1a.Objectives (from AD-416)
Quantify the biophysical capacity of the urban and rural Northeast U.S. to produce food that meets the total demands of the region and the demands of low income (underserved) populations in the region.
1b.Approach (from AD-416)
Develop and link a series of spatially related databases of soils, climatic parameters, crop production requirements, land use, and consumer demand throughout the Northeast. Work with others to model and predict current and potential crop production as influenced by dietary scenarios, climate change, and land use policies.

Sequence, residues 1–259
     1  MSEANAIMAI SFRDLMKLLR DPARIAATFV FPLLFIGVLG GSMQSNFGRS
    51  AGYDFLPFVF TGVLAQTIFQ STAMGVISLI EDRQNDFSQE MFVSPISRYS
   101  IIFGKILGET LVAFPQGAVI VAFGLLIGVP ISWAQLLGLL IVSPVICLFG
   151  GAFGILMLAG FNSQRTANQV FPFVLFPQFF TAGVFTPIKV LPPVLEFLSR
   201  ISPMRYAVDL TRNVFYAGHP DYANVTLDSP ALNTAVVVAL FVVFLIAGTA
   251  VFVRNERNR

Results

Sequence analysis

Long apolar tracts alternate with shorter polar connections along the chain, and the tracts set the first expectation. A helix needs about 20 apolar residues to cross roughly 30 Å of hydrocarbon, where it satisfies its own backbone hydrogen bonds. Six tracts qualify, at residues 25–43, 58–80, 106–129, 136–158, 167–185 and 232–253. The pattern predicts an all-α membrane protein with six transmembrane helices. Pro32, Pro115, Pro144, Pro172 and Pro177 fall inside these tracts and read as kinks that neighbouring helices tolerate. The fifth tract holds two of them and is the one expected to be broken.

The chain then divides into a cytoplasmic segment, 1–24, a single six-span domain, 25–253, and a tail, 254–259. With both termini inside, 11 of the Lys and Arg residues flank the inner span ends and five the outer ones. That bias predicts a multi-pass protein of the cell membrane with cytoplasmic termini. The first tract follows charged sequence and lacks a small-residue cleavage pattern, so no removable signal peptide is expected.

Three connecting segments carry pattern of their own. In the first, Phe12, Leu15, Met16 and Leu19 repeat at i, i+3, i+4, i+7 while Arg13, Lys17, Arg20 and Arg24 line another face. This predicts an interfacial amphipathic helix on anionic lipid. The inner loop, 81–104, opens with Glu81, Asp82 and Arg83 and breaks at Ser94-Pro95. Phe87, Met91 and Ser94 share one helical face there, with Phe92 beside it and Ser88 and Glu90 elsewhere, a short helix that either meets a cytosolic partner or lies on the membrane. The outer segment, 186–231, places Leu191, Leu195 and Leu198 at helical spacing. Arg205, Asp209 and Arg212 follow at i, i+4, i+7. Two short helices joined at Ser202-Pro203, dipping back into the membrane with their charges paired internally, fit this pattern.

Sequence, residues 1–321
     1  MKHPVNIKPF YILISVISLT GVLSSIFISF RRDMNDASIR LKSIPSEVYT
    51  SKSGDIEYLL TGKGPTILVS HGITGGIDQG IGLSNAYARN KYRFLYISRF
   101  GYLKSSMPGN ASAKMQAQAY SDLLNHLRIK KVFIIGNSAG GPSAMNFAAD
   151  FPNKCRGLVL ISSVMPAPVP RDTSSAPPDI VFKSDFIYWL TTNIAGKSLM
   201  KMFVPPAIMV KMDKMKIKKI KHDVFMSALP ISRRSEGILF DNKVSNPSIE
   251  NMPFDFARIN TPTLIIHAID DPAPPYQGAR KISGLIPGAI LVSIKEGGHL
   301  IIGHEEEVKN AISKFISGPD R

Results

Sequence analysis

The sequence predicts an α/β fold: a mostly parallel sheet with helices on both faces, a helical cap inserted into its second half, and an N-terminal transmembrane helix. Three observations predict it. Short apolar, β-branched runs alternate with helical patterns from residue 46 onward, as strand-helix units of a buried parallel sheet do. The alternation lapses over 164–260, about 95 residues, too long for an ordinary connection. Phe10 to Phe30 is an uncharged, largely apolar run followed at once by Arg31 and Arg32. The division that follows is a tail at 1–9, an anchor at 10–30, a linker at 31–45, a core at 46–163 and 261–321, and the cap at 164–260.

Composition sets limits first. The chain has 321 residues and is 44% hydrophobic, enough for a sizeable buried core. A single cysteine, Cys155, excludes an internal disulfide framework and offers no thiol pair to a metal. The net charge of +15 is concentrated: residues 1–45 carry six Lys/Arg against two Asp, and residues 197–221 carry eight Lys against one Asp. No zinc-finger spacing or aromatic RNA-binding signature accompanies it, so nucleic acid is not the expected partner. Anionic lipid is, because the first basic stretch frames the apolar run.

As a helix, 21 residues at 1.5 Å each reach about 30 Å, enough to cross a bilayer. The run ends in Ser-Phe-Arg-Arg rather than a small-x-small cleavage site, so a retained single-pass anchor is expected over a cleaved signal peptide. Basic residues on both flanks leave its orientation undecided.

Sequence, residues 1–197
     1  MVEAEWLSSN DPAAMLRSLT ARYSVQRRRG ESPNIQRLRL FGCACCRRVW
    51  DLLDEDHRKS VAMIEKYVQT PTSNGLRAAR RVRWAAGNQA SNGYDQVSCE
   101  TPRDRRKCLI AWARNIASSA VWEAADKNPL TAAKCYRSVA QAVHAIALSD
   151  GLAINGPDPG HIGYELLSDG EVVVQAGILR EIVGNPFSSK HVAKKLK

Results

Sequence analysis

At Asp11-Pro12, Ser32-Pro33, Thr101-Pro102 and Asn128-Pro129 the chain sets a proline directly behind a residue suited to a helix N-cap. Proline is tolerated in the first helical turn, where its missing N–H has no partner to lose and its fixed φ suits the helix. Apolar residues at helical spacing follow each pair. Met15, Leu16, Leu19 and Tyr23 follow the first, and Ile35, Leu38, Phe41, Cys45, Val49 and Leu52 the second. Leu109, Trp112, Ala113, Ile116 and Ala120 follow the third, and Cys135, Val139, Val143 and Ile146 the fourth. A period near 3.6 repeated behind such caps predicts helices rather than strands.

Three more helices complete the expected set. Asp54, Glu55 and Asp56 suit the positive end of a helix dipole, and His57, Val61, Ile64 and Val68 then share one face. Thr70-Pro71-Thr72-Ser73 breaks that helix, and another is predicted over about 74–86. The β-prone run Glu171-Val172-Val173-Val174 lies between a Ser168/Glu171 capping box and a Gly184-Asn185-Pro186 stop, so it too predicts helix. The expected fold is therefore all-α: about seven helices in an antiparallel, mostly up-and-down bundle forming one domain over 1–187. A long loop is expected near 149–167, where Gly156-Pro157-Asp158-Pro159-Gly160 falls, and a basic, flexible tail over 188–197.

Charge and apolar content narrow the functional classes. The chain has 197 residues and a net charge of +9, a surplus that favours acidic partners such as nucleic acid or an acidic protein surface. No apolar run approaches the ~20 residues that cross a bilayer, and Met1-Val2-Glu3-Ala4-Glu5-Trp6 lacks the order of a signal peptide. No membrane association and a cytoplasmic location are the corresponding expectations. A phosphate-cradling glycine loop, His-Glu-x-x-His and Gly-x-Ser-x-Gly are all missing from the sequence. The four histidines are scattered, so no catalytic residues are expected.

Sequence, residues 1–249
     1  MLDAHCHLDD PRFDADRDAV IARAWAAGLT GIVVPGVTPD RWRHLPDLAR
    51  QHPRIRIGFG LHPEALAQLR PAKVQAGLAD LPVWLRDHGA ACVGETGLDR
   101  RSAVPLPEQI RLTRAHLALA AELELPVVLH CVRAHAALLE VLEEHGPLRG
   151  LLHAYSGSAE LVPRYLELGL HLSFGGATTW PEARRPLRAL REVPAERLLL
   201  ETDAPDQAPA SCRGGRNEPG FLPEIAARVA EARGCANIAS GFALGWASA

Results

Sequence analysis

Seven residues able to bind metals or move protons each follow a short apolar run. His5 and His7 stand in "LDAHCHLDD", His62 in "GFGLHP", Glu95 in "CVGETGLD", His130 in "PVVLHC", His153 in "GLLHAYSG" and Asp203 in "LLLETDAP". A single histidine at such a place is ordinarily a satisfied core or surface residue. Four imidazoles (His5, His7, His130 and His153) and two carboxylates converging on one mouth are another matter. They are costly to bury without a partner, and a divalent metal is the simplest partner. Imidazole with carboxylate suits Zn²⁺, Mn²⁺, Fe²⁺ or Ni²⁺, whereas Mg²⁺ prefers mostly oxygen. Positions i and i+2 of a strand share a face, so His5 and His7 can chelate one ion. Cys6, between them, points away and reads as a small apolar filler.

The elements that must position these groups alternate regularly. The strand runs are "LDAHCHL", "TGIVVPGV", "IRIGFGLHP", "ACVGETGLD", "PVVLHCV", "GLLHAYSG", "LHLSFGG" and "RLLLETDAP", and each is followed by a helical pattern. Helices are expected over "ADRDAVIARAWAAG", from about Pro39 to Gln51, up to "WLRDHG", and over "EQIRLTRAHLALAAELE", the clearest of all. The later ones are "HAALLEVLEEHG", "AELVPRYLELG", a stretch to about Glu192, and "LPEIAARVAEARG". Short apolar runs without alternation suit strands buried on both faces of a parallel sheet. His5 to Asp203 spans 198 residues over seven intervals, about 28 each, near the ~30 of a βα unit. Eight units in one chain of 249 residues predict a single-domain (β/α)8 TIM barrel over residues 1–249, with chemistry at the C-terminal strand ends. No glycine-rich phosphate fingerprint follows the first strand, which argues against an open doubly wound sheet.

The overall goal of our component of the project is to quantify the food production capacity in the Northeast U.S. The general approach for attaining this goal is to develop and link Geographic Information Systems (GIS) of soils, climatic parameters, crop production requirements, and land use parameters to calculate food production capacity. Progress thus far has included the geoprocessing of state-specific geodatabases to quantify farmland soils, potential farmland availability and crop production systems for 12 New England States, which required designing and developing an innovative collection of geodatabases that integrated USDA-NRCS (SSURGO) and USDA-NASS Cropland Data Layers for 2008 to 2010. These outcomes represent the first crop-soil suitability models developed for the New England states. A manuscript has been prepared dealing with using these databases to examine potato production systems in New England. In addition, we are evaluating landscape-level distributions of annual versus perennial cropping systems across New England. This work will provide the basis and framework for larger project goals of improving the access and affordability of locally-produced food for disadvantaged communities.